CP/CPPS case evidence, analysis and mechanisms

Please read the main CP/CPPS page before reading further (if you have not done so already).

Case evidence

Case evidence is not a valid scientific proof of causation, though it gives researchers clues as to which types of studies have the potential to reveal hard evidence linking an infectious agent with a disease. While the onset of prostate cancer and BPH are predicted to be linked to sexual activity which occurred decades earlier, CP/CPPS symptoms are expected to be linked to recent sexual activity. CP/CPPS symptoms will develop rapidly after exposure to the yet-to-be-identified STI in some men.

Here are some of the case reports which I have gathered while performing this research. These cases have been selected because they support an infectious etiology for CP/CPPS. Thus, this list is a biased sample of CP/CPPS cases. Click through the Case column to read a detailed report for each case. Particularly interesting cases are in bold.

Secondary symptomsComment
Andrew Sternick
  Reactive arthritisSymptoms progress to reactive arthritis.
Anon2uSexual (thrush)   
Attila Prazsak
 Reactive arthritisSymptoms progress to reactive arthritis.
Itraconazole, fluconazole
BalanitisNon-culturable fungi on glans. Very elevated antibodies to fungi; fungi in the stool; adverse reaction to antibacterial drugs.
damaja23Sexual (thrush)  Progression from epididymitis to prostatitis.
DG Sexual (thrush)ClotrimazoleSinusitis, systemicAntibacterial drugs caused thrush (partner); highly reactive to vaginal fluid of two women.
Dominic Anfiteatro AntifungalBalanitis 
Dr. Daniel Shoskes
dsharpSexual (?)
TerbinafineTinea pedis (?)
Symptoms permanently resolved by terbinafine.
Terbinafine, fluconazole
NystatinSystemicOral nystatin taken for gastrointestinal condition improved GU symptoms; Dismukes 1990 reports similar effect in women.
greeneSexual (thrush)
Nystatin, fluconazole
John GarstSexual (thrush)NystatinBalanitis, sinusitis
Non-culturable fungi on glans. Oral nystatin improved GU symptoms; Dismukes 1990 reports similar effect in women.
MarioSexual (thrush)Nystatin, terbinafineIBS, tinea pedis (?)

Mike D 
SinusitisSymptoms triggered by certain foods.
NickFungi on skin
KetoconozoleBalanitis, sinusitisNon-culturable fungi.
KetoconozoleBalanitis, systemicNon-culturable fungi.
scharkeSexual, both ways (thrush)

Tinea cruris 

uppSexual   Worst case scenario.
Nystatin, fluconazole
Non-culturable fungi.
Nystatin Non-culturable fungi.

If you would like to share your case data, please use the Contact page. Feel free to submit anonymously. These are the aspects that are of particular interest:
  1. Did your first symptoms appear in relation to new sexual factors (eg. new partner, start of unprotected sex with existing partner, etc)? Did your first symptoms coincide with anti-bacterial drug usage?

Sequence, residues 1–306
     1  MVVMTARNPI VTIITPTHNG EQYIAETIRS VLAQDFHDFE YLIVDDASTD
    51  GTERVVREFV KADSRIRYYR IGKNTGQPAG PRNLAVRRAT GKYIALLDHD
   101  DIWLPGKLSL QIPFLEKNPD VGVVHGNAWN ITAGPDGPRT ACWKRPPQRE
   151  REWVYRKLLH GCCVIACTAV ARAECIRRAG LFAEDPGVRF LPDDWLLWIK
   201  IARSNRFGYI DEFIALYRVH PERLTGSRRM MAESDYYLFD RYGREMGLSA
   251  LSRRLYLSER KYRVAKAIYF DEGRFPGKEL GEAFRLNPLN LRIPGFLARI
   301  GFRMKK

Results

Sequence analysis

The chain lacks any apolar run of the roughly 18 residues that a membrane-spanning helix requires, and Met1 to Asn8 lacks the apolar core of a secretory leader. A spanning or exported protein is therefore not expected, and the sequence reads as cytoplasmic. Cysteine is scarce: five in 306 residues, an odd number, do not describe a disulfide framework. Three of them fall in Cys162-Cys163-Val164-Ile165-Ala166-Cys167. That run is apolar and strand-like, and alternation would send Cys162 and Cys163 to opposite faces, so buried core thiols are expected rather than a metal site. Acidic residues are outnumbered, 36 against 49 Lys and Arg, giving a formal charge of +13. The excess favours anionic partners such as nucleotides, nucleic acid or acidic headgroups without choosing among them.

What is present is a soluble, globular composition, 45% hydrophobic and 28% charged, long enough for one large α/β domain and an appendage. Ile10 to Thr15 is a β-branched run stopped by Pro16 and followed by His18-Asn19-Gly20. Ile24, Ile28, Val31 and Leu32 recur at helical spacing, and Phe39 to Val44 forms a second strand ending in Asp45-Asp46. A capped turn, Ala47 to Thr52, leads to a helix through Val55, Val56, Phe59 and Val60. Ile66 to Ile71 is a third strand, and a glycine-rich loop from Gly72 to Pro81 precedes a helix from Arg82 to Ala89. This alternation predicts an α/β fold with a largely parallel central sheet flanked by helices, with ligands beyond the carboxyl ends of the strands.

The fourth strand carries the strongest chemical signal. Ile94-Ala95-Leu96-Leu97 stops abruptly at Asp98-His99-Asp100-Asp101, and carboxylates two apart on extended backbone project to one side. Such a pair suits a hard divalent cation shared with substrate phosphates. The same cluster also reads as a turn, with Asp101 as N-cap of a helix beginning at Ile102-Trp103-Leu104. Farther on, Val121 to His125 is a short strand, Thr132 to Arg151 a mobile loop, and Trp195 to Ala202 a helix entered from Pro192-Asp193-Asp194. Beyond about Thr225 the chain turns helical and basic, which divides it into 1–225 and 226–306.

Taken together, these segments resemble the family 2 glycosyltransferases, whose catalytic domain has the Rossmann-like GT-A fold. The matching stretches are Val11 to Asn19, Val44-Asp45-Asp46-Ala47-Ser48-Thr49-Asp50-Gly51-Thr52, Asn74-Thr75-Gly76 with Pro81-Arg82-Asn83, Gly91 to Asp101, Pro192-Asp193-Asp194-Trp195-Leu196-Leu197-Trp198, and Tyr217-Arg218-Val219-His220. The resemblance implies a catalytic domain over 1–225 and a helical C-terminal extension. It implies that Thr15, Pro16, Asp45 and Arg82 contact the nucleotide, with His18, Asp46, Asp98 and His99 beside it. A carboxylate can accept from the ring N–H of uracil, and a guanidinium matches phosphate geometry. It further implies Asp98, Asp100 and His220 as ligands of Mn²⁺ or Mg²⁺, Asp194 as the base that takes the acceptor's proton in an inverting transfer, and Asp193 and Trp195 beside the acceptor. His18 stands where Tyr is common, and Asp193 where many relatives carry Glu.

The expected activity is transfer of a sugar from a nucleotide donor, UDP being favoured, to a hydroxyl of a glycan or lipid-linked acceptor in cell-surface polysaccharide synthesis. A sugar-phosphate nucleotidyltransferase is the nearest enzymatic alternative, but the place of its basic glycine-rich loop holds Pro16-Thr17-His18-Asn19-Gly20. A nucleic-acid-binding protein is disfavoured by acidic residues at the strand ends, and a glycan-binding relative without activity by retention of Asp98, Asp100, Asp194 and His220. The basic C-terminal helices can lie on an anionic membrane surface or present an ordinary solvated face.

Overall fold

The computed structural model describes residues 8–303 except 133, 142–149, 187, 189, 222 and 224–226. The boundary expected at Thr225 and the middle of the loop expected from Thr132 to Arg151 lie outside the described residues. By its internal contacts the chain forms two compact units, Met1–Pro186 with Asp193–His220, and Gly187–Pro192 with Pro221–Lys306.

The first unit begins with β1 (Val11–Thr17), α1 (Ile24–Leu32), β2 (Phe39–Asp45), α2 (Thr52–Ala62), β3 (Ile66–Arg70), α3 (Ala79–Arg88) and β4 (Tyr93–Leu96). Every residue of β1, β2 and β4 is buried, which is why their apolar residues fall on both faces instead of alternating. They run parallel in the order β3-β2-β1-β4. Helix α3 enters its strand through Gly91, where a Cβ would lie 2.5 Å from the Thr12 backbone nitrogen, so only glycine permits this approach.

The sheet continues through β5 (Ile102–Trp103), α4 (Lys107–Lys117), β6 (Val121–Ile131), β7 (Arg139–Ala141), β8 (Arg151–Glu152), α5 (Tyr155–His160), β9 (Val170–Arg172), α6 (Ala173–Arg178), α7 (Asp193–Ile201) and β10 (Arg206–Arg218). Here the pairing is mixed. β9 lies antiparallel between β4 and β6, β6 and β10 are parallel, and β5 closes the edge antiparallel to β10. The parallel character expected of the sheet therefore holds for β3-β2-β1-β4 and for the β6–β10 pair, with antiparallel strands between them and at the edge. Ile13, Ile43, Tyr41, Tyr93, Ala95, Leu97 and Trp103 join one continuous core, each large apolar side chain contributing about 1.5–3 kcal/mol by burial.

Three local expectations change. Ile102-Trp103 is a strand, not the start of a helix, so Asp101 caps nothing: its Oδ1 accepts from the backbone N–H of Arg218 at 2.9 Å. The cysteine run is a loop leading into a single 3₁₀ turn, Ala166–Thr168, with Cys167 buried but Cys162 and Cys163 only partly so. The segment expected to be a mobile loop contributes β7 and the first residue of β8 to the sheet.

2. What was the course of your symptoms? Sudden or gradual onset? Did all symptoms appear simultaneously or was there a progression? Typical symptoms include testicular pain and/or prostate/perineal pain, though you may only experience one of these symptoms (Zermann 1999). Other conditions of interest which may have developed simultaneously are chronic fatigue syndrome, fibromyalgia, bladder pain, irritable bowel syndrome, sinusitis and balanitis (red patches on the glans).
  3. Was your partner using anti-bacterial medication shortly before your symptoms developed? When your partner uses anti-bacterials, does she experience vaginal yeast infection symptoms as a side effect? If so, has this always been the case or did this start at a specific age? This is important because anti-bacterial drugs kill naturally occurring bacteria in the vagina which are necessary to prevent fungal growth.
  4. Did you use anti-fungal drugs (Lamisil/Terbinafine, Sporanox/Itraconazole, Nystatin/Fungicidin, etc) for any reason, and did these drugs have an effect on your symptoms? Please respond even if anti-fungal drugs had no effect or worsened your symptoms.
Analysis of the evidence
The case evidence presented on this page is subject to severe selection bias since most cases were "mined" using a search engine, bringing the subject population to about 10 million men. Given this huge pool of potential cases, it is plausible that the only cases reported are those which coincided with a new sexual partner, balanitis, or other factors which suggest a sexually transmissible fungal etiology.

However, four cases which suggest a sexually transmissible fungal etiology were not mined (they were personal contacts, not found with a search engine). These cases have much less selection bias since the pool of potential cases is much smaller (<1000 men), and thus are a more legitimate form of evidence of a fungal cause for CP/CPPS. Together, these four cases, the non-anecdotal evidence presented on the CP/CPPS page, and the evidence linking a fungal infection to other prostate diseases on the main page indicate that at least some CP/CPPS cases are caused by a fungal infection.